Resonant Machine Learning Based on Complex Growth Transform Dynamical Systems









Abstract

Traditional energy-based learning models associate a single energy metric to each configuration of variables involved in the underlying optimization process. Such models associate the lowest energy state with the optimal configuration of variables under consideration and are thus inherently dissipative. In this article, we propose an energy-efficient learning framework that exploits structural and functional similarities between a machine-learning network and a general electrical network satisfying Tellegen's theorem. In contrast to the standard energy-based models, the proposed formulation associates two energy components, namely, active and reactive energy with the network. The formulation ensures that the network's active power is dissipated only during the process of learning, whereas the reactive power is maintained to be zero at all times. As a result, in steady state, the learned parameters are stored and self-sustained by electrical resonance determined by the network's nodal inductances and capacitances. Based on this approach, this article introduces three novel concepts: 1) a learning framework where the network's active-power dissipation is used as a regularization for a learning objective function that is subjected to zero total reactive-power constraint; 2) a dynamical system based on complex-domain, continuous-time growth transforms that optimizes the learning objective function and drives the network toward electrical resonance under steady-state operation; and 3) an annealing procedure that controls the tradeoff between active-power dissipation and the speed of convergence. As a representative example, we show how the proposed framework can be used for designing resonant support vector machines (SVMs), where the support vectors correspond to an LC network with self-sustained oscillations. We also show that this resonant network dissipates less active power compared with its non-resonant counterpart.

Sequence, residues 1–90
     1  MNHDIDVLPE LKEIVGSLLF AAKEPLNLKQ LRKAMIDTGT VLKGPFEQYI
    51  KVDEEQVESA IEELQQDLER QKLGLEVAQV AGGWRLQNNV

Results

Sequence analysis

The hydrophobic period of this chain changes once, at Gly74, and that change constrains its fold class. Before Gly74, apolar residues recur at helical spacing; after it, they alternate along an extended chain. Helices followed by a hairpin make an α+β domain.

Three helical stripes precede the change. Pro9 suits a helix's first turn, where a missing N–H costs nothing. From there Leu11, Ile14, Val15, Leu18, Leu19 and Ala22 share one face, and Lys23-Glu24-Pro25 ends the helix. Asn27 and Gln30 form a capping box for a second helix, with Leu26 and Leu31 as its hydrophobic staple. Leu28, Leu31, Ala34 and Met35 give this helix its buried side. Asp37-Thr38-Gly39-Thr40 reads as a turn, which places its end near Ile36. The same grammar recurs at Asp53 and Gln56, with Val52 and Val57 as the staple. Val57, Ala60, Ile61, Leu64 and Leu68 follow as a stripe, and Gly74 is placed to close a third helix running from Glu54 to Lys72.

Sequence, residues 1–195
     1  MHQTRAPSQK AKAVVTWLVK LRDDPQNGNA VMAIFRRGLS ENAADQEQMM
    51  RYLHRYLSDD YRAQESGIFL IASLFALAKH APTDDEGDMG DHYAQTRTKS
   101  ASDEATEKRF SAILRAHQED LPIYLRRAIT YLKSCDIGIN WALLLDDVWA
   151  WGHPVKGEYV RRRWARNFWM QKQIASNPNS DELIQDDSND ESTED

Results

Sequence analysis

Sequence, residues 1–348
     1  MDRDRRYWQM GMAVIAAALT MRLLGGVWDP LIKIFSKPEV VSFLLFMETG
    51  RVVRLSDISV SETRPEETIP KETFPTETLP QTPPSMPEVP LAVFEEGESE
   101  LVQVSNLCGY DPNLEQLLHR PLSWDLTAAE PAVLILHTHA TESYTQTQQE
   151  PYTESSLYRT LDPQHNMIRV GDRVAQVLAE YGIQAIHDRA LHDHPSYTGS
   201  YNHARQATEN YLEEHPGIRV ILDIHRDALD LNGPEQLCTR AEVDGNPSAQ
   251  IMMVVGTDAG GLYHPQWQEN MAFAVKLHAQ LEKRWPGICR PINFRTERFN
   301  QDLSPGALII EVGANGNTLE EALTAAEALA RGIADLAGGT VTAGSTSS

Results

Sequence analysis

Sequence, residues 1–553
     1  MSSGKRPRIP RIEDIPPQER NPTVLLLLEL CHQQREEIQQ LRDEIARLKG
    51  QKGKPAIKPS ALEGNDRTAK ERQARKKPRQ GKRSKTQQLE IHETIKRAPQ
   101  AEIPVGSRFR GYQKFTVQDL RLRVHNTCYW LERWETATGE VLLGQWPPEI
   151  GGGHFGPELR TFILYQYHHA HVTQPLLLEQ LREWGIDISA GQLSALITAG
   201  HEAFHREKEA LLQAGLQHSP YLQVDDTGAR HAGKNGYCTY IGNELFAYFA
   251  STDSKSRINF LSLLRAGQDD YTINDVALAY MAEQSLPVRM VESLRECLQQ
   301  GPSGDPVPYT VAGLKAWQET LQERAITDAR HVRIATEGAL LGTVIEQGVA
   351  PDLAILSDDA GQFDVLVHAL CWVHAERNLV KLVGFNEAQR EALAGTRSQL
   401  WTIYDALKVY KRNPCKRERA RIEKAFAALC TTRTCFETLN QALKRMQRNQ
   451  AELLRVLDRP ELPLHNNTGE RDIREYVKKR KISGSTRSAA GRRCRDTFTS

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Software And Hardware